A Forensic Look At The Fannie Mae Bailout: Scrubbing the Tricky Accounting of Conservatorship via Housing Wire
Adam Spittler CPA, MS
Mike Ciklin JD, MBA, MRE
As readers of interest in Fannie Mae and Freddie Mac are aware, the circumstances surrounding the Conservatorship on September 7, 2008 are often fuzzy with little factual data to support the vast claims of insolvency and failure of business model by various politicians and interest groups. As such, the debate rages on seven years later with little resolution in sight. We have heard many GSE investors claim that the bailout was never necessary and the Conservatorship was illegal to begin with. The purpose of this article is to attempt to prove the true financial condition of the entities at both 1) the time of Conservatorship and 2) in subsequent years leading up to the massive windfall to the US Treasury in 2013.
The ExodusPoint Partners International Fund returned 0.36% for May, bringing its year-to-date return to 3.31% in a year that's been particularly challenging for most hedge funds, pushing many into the red. Macroeconomic factors continued to weigh on the market, resulting in significant intra-month volatility for May, although risk assets generally ended the month flat. Macro Read More
The first item that we need to address is: what exactly is a bailout? From our friends at Wikipedia, a Bailout is a colloquial term for “giving financial support to a Company or Country that faces serious financial difficulty or bankruptcy.” What piqued our interest in this project is the question: “What company facing serious financial difficulty borrows 116b from 2008 to 2012, losing supposedly billions of dollars in the process, is then able to pay more than everything back in 2013 and 2014?” Wouldn’t a failing company burn through all that cash that it “needed” to ensure continued operations? Let’s examine what really happened using a key lesson that I was fortunate enough to learn towards the beginning of my career.
Soon after finishing grad school, I was discussing stocks with my boss, in particular the EPS of one of the companies that I had been following closely. When I stated my case for the Company’s financial strength based on its seemingly robust EPS, he sarcastically rolled his eyes and laughed. Surprised by his reaction, I asked him what he thought was funny; we were having a serious conversation after all. He responded: “One day you will realize that Net Income doesn’t matter. The fact is; you can make it whatever you want it to be. If you want to understand the Company, you need to follow the other side of the transaction…to the balance sheet.” My career has taken me from KPMG to the private world at both financially healthy and struggling entities; all along the way, those words have critically guided my day-to-day work. As a result, I’ve become quite skilled in understanding the mechanics of balance sheet manipulation…and undoubtedly, Fannie Mae deserves such an analysis.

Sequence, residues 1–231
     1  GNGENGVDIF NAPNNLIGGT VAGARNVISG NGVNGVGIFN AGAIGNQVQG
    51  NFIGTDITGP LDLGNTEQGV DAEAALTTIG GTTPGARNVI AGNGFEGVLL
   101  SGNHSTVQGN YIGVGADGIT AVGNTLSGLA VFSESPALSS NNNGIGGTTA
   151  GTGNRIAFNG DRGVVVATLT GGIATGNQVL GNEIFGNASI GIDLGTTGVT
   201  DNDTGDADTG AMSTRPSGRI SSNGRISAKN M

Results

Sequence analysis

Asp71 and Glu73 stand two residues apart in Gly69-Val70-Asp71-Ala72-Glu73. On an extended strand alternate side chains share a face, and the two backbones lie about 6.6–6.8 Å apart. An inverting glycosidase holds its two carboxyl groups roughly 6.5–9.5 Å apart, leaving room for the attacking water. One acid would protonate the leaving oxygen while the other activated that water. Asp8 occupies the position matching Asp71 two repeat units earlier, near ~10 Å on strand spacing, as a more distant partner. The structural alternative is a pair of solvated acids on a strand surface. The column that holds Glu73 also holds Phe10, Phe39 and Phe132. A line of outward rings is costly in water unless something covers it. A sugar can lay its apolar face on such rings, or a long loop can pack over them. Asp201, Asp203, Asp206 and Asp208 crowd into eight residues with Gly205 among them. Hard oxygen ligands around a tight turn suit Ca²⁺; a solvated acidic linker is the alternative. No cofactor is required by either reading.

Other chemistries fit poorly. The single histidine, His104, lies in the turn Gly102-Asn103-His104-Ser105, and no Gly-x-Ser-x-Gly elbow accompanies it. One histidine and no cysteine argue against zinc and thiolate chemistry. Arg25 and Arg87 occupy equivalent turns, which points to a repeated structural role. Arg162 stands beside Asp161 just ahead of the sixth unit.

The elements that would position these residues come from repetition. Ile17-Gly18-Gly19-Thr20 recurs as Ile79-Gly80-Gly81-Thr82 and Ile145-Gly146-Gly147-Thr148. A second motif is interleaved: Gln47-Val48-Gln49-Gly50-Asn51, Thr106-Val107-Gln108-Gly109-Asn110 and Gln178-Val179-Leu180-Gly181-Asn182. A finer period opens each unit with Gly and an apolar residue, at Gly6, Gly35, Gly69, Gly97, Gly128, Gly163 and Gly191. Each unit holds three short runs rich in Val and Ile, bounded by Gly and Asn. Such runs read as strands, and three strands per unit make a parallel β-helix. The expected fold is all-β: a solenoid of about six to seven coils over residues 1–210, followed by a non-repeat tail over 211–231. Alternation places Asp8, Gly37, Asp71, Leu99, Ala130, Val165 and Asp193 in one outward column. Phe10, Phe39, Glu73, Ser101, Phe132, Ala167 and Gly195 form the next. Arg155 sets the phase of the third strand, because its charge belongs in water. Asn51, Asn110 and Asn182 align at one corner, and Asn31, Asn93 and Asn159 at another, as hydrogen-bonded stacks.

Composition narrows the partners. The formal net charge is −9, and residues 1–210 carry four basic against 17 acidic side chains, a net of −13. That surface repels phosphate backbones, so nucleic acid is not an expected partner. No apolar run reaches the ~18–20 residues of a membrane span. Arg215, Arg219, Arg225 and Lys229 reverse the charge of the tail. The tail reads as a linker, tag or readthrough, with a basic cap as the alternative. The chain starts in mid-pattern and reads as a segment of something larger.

First, however, we must define two very important non cash expenses: 1) Deferred Tax Asset and 2) Loan Loss/FMV Reserves.
Per Investopedia, a Deferred Tax Asset “is created due to taxes paid or carried forward but not yet recognized in the income statement. For example, deferred tax assets can be created due to the tax authority recognizing revenue or expenses at different times than that of an accounting standard….lt is important to note that a deferred tax asset will only be recognized when there is expectation of future profit.” The second item, a Loan Loss/FMV Reserve, is defined as an expense set aside as an allowance for bad loans or assumption of reduction in near term fair value of an asset. As a quick example, in the case of Fannie Mae, a Loan Loss Reserve would be the expected total of losses over its entire 30 year portfolio or alternatively, an estimate of 30 years of expected losses estimated at a single point in time. Please note that neither of these expenses is a use of cash. In fact, you can find them on the Statement of Cashflows under cash flow from operations as a “source” of cash. The reason for this classification is that an increase in reserve results in a net loss…with the offset being a reduction of the corresponding asset on the balance sheet (where it stays until it is either used to write off bad loans or reversed if subsequently proven to be unnecessary). Finally, a related item which will come into play is valuation losses. These reflect an estimated adjustment for current market value, independent of intention to liquidate.
What is the function of these accounting items? In the academic world, we use reserves to quantify as accurately as possible the estimated losses on an asset or collection of assets at a point in time. The reason they are classified as non cash is simply because we haven’t sold the asset and may not have any intention of selling the asset so the impairment is not realized. To that extent, the breadth and duration of a reserve is nothing more than a guesstimate. In practice, all management teams know the final number they want or need often working towards that goal. Reserves are a simple means of achieving a certain result within the reasonable confines of GAAP. Also, supportable audit evidence can always be produced due to the level of subjectivity involved.
See full PDF below.